In 2015, the total concentration of the sum of 7 environmental marker PCBs (28, 52, 101, 118, 153, 138, and 180) in the nine samples of soil was 1653 ± 1792 ng/kg, ranging from 39 ng/kg at the background (B) site to 5200 ng/kg at NE2 point. In 2017, the average level of PCBs decreased to 628 ± 461 ng/kg, with values ranging from 280 to 1700 ng/kg (I1 and NE2′ points, respectively). Moreover, a clear decrease was found not only in comparison to the most precedent survey (2015) but also with those previously conducted, with reductions of 130%, 41%, 167% and 163% with respect to 2008, 2011, 2013, and 2015, respectively. However, because of the large variability of results, the decrease was not statistically significant (p > 0.05). The levels of PCBs in the soils around the plant were quite similar to those found in Arenys de Mar (B and B’), considered as background site. The PCB congener profile in soil showed a predominance of heavier congeners (PCB-138, PCB-153, and PCB-180), while the most volatile PCBs presented the lowest concentrations. This fact would be closely related to the physicochemical characteristics of the different PCB congeners. High molecular weight PCBs are bound to the particle phase of emitted air, so they tend to deposit closer to emission sources and accumulate in soil, which acts as a sink for heavy weight PCB congeners [21].
The temporal trends of PCDD/Fs and PCBs in air samples collected between 2008 and 2017 in the surroundings of the MSWI of Mataró are depicted in Figure 3. In 2015, the airborne mean concentration of PCDD/Fs was 0.019 ± 0.008 pg WHO-TEQ/m3, with values ranging from 0.011 to 0.029 pg WHO-TEQ/m3. In the most recent survey (2017), the mean level of PCDD/Fs in air was very similar: 0.020 ± 0.013 pg WHO-TEQ/m3 (range: 0.009–0.037 pg OMS-TEQ/m3). This means a reduction percentage of 78%, 99% and 39% compared to the values obtained in the campaigns performed in 2008, 2011 and 2013, respectively. None of the air samples showed detectable amounts of 2,3,7,8-TCDD, in either 2015 or 2017. The PCDD/F congener profile showed a higher relative contribution of the heaviest compounds in the total concentration, with OCDD, 1,2,3,4,6,7,8-HpCDD and OCDF being the most relevant.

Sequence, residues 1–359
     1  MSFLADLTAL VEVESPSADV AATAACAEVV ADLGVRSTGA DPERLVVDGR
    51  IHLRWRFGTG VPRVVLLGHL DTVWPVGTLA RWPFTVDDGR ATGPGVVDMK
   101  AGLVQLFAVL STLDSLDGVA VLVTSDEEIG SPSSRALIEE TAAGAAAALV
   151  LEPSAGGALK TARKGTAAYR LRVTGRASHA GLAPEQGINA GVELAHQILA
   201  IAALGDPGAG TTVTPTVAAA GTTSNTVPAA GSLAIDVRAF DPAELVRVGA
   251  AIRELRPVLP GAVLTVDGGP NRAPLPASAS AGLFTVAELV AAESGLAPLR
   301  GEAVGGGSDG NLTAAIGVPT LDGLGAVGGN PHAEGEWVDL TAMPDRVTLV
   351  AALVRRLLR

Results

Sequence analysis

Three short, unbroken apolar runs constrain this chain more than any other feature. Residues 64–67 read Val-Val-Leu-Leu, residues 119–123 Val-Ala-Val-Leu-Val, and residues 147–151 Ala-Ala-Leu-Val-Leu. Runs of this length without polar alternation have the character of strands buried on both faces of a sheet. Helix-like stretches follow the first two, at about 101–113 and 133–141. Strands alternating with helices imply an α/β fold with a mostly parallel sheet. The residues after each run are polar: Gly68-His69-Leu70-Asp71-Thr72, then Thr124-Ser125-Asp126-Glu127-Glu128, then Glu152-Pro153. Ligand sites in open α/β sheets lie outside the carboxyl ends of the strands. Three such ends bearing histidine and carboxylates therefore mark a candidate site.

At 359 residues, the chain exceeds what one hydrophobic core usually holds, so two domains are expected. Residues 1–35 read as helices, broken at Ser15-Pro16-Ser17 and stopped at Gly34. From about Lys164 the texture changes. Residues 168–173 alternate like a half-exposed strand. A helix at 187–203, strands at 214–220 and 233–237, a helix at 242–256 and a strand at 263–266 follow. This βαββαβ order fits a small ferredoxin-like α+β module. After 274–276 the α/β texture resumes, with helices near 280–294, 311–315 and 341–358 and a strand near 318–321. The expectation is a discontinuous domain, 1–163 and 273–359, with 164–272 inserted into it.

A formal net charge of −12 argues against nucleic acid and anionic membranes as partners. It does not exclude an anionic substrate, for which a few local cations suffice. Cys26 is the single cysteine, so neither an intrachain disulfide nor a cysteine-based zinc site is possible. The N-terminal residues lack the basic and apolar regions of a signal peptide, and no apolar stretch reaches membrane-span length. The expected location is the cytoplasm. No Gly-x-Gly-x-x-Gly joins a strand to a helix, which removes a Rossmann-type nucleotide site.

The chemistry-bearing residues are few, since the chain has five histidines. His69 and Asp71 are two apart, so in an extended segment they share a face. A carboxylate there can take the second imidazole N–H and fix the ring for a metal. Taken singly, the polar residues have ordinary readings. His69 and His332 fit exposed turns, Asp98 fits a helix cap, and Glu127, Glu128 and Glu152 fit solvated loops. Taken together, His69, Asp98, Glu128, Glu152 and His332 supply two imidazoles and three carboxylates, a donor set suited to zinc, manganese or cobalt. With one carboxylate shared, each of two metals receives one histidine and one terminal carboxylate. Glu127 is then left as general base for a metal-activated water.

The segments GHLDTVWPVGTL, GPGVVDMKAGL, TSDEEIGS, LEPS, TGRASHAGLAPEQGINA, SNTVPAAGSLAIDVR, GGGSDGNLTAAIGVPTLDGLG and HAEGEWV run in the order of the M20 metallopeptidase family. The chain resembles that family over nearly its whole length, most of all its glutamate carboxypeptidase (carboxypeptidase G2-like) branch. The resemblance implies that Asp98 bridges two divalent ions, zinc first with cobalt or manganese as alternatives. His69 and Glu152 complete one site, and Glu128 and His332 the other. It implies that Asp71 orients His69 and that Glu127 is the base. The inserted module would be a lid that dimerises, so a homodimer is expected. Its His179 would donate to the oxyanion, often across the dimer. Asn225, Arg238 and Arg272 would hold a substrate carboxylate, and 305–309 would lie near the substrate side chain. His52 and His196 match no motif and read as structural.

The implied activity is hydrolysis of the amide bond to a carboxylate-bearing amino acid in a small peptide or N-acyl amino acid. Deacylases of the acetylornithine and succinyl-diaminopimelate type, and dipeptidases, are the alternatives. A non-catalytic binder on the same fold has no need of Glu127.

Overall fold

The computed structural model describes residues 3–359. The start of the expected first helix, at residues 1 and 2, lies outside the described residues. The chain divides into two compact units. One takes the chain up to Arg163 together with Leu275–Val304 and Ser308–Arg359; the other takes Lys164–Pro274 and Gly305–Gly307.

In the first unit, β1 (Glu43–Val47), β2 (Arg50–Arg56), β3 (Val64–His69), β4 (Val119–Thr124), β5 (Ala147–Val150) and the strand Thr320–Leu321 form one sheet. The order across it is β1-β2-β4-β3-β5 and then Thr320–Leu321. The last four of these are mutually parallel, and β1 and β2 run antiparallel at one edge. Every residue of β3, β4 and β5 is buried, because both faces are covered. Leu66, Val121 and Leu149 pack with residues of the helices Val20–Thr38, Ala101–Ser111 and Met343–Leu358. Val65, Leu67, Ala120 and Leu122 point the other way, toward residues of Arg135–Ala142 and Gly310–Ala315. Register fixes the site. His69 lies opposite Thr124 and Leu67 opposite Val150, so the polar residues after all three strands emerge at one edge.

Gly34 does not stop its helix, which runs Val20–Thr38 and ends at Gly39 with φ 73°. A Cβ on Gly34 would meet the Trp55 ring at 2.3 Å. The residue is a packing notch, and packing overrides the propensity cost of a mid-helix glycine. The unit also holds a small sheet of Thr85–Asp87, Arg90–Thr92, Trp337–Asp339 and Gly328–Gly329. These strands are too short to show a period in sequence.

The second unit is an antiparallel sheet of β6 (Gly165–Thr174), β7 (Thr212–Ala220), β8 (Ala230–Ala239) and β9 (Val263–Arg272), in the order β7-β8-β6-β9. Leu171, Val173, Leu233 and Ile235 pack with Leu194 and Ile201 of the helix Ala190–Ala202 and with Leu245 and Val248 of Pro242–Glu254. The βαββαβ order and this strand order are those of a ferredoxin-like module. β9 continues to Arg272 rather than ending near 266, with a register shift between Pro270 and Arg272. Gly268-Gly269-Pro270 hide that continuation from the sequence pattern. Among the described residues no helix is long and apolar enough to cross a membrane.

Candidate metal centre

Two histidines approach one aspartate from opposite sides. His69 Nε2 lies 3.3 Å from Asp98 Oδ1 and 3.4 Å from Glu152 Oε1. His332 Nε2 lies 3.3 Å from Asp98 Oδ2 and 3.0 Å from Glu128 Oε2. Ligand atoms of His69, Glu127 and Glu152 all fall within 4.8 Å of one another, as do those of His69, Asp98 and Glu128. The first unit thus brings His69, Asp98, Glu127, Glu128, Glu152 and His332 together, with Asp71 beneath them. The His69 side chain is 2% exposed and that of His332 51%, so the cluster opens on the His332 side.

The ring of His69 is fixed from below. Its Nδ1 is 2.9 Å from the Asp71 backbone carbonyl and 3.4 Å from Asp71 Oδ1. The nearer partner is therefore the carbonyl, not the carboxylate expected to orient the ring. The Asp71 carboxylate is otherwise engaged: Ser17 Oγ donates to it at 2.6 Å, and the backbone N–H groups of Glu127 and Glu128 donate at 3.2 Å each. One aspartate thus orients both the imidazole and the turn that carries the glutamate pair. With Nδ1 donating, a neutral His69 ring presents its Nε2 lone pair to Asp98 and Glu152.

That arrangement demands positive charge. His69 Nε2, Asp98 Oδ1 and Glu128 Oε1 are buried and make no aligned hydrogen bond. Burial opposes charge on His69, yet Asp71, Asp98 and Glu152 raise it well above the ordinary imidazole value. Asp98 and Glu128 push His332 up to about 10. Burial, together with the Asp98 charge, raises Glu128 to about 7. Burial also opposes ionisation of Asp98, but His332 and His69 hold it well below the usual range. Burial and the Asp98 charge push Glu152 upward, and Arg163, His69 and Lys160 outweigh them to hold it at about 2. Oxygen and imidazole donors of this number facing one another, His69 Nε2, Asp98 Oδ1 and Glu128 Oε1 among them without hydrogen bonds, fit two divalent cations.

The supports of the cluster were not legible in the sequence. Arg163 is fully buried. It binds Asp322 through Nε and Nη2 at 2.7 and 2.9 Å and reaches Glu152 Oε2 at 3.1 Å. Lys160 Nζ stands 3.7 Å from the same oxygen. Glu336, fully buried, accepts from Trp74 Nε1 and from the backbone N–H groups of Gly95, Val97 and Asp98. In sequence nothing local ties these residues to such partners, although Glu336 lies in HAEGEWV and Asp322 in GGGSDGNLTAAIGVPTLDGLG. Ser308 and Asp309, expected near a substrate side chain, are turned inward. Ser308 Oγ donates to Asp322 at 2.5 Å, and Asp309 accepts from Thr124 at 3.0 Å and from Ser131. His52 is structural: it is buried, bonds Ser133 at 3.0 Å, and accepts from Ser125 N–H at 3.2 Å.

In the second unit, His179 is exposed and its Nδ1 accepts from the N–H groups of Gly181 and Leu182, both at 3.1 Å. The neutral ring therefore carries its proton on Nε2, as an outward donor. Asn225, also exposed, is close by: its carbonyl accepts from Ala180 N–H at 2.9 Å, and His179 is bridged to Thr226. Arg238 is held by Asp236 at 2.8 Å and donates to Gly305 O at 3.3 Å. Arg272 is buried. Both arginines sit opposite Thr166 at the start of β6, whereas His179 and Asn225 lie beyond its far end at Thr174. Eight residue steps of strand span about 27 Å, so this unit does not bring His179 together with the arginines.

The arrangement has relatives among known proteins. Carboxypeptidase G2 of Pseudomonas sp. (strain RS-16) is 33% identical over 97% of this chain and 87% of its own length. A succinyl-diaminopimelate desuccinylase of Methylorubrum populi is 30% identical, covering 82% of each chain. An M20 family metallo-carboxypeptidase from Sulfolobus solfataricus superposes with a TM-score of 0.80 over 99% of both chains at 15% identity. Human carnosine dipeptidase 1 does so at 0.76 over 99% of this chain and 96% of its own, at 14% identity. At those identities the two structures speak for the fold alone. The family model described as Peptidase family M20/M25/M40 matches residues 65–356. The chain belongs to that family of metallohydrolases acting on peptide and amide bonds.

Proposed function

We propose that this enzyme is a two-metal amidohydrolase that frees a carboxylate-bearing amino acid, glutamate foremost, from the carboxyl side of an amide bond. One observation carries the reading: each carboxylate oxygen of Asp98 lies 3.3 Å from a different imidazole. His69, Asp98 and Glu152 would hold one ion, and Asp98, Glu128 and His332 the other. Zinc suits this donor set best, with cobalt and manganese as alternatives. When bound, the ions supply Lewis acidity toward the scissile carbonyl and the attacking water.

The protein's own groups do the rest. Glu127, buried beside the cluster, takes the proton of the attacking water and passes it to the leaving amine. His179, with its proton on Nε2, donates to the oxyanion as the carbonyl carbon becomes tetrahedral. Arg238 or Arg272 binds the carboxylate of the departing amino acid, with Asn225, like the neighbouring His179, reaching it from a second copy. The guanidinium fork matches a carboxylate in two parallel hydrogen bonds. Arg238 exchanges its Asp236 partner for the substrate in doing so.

In 2015, the airborne mean concentration of PCBs was 0.075 ± 0.020 ng/m3, with minimum and maximum levels of 0.052 and 0.098 ng/m3, respectively. Two years later, the PCBs mean level in air was 0.061 ± 0.061 ng/m3, with values ranging from 0.047 to 0.089 ng/m3, respectively. This value means a statistically significant increase (p < 0.05) with respect to the levels obtained in 2008 (0.026 ng/m3) and 2013 (0.030 ng/m3). In contrast, there was a non-significant decrease compared to the 2011 study (0.064 ng/m3), and a significant decrease compared to the 2015 levels (0.076 ng/m3). Unlike soil, air samples showed a higher contribution of low molecular weight PCBs than heavier compounds. The congeners profiles of PCDD/Fs and PCBs in samples of air and soil collected in 2015 and 2017 are depicted in Figure 4.
One of the novelties of the campaigns conducted in 2015 and 2017 is the specific study of gas/particle partitioning. Therefore, the concentrations of both, PCDD/Fs and PCBs, in the gas and particle phases were separately determined by analysing PUFs and microfiber filters, respectively. The contribution of the gas and the particulate fractions to the total amount of PCDD/Fs and PCBs is shown in Figure 5. In both campaigns, 2015 and 2017, PCDD/F congeners adsorbed to particles showed a higher contribution than PCDD/Fs in the gas phase, being especially evident in 2015. Contrastingly, a relatively higher contribution of PCBs congeners in the gas phase was noted, mainly in 2015. The three samples of air closer to the MSWI, including those collected in the city of Mataró, showed a slightly larger contribution of PCDD/Fs in the particle phase. However, the differences were minimal when comparing the pattern in the closest sites with that found in the background location. Regarding PCBs, higher contribution percentages of the gas phase were found in all the samples.